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by Pink Lady

mxmologoHere ye, here ye! LUPEC Boston is proud to announce that the March edition of Mixology Monday will be hosted right here, at our virtual home.

Mixology Monday is a monthly online cocktail party that unites cocktail enthusiasts from around the globe. Drinkers come together to share cocktail recipes and related information in this friendly online environment, focusing thinking and drinking on a different theme each month. Previous MxMo’s have included Hard Drinks for Hard Times, Broaden Your Horizons, Spice, and Guilty Pleasures. Our party’s theme is “First Time”.

This event was inspired by a chance encounter I had with an almost-famous Christian rock musician who, at age 32, had never had a cocktail. “I’d like to try one sometime,” he said, “What do you think I should have?”

It’s an excellent question, and one I though best vetted by wide audience of experts: What drink do you suggest for the delicate palate of the cocktail neophyte? Something boozy and balanced, sure – but one wrong suggestion could relegate the newbie to a beer-drinker’s life. To which go-to cocktails do you turn to when faced with the challenge?

Here’s how to play:

  1. By Monday, March 9 mix, drink, and write about a good gateway drink for the cocktail virgin.
  2. Let us know your homework is done by sending a note to pinklady@lupecboston.com or lupec@lupecboston.com. Or leave a comment here with the link to your post.
  3. No blog? No problem! Thanks to our good friends at eGullet’s Spirits & Cocktails Forum, every month non-bloggers are invited to chip in their post in a designated thread on the forum. You’ll need to be signed up with eGullet; head on over there for details.
  4. Link back to LUPEC Boston as well as the Mixology Monday site,  so as to help spread the gospel of MxMo. Please include the MxMo logo in your post, too, for consistency’s sake.

We’ll post a round-up as soon as possible after MxMo, so you can compare notes. The ladies of LUPEC aspire to try as many of your drinks as possible, but you may have to check back for coverage of that experiment.

We’ll also compile both a Master List and a Short List of gateway cocktails to send to the Cocktail Virgin who inspired this whole mess. You can check back for that story as it unfolds, too.

Go forth and mix! We can’t wait to taste your beautiful cocktails.

Cin-cin!

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It’s Mixology Monday again! This month we are, with our host Jimmy’s Cocktail Hour, exploring Variations.

Here in Boston the ladies of LUPEC have been very excited with the recent availability of the Rothman and Winter Creme de Violette. It’s always thrilling to have a new product available, but in this case this is a new old product which opens up yet another window into cocktail past. In honor of our new favorite spirit we are going to take a look at three cocktails featuring gin, creme de violette, absinthe and french vermouth.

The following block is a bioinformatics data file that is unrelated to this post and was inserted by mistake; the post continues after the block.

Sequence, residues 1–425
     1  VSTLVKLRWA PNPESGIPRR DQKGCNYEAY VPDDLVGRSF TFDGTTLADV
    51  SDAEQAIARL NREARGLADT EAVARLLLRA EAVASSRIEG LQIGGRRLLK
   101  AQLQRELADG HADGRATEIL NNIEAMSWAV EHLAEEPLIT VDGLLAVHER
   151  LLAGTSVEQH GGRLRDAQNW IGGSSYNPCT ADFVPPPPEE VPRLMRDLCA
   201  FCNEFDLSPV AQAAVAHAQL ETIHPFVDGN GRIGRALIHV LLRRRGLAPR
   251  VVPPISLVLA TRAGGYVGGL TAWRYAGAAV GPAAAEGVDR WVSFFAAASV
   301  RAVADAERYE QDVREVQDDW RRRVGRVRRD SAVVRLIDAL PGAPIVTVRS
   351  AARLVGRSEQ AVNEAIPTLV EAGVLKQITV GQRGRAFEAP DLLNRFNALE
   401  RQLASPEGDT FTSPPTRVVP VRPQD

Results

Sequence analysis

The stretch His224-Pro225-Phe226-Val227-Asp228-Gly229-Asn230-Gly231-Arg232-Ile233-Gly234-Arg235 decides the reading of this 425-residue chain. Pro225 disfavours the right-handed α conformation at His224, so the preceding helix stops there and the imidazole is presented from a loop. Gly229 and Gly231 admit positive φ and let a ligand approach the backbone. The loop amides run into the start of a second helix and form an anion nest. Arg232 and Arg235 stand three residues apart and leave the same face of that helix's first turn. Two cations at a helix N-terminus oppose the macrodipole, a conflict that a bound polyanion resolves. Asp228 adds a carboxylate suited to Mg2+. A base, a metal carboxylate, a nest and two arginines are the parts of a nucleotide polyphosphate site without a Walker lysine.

Within my modest collection of cocktail tomes I found the first recipe for the Atty Cocktail in The Savoy Cocktail Book.
ATTY COCKTAIL
1/4 French Vermouth
3 dashes Absinthe
3/4 Dry Gin
3 dashes Creme de Violette
Shake well and strain into a cocktail glass.
Now we adore all of the ingredients in this cocktail and think it is delicious. However when looking for a cocktail to showcase the Creme de Violette this would not be our first choice so let’s continue on to some other variations…

Thumbing through Patrick Gavin Duffy’s Official Mixer’s Manual we find the Attention Cocktail.
ATTENTION COCKTAIL
1/4 French Vermouth
1/4 Absinthe
1/4 Gin
1/4 Creme de Violette
2 Dashes Orange Bitters
Stir well with cracked ice and strain.
Once again, all things we love, but equal parts doesn’t really work for us. The strength of the Absinthe overpowers the other ingredients.

Jones’ Complete Bar Guide has the following recipe:
ATTENTION
1 oz gin
1/2 oz Pernod
1/2 oz dry vermouth
1/2 oz creme de violette
2 dashes orange bitters
Ah…we’re getting closer. The increase in the base spirit created a nice platform for the other flavors. Truth be told, we used Ricard instead of Pernod…desperate times call for desperate measures. The Ricard still was a bit powerful, but seemed to complement the Creme de Violette rather than battle it as was the case with Absinthe.

Sticking with Mr Jones we find the Arsenic and Old Lace. From the name alone we have very high hopes!
ARSENIC AND OLD LACE
1-1/2 oz Gin
1/2 oz Absinthe or substitute
1/4 oz dry vermouth
1/2 oz creme de violette
Once again we used Ricard and it was good, but we miss the bitters.

So in conclusion, there is no conclusion. As women dedicated to our cause we will happily continue our research!

Cheers!

Oh my goodness! I almost forgot two very important things!

A huge shout out to Eric Seed, the man behind the availability of Creme de Violette. Besides having the cutest daughter in the world who claps when she eats head cheese, through Haus Alpenz he is making amazing products available to us! Please check out his website and encourage your local retailers and bars to carry his products.

For an updated variation on the Arsenic and Old Lace head over to this post on Cocktail Chronicles where Paul Clarke checks out Simon Difford’s Flower Power Martini.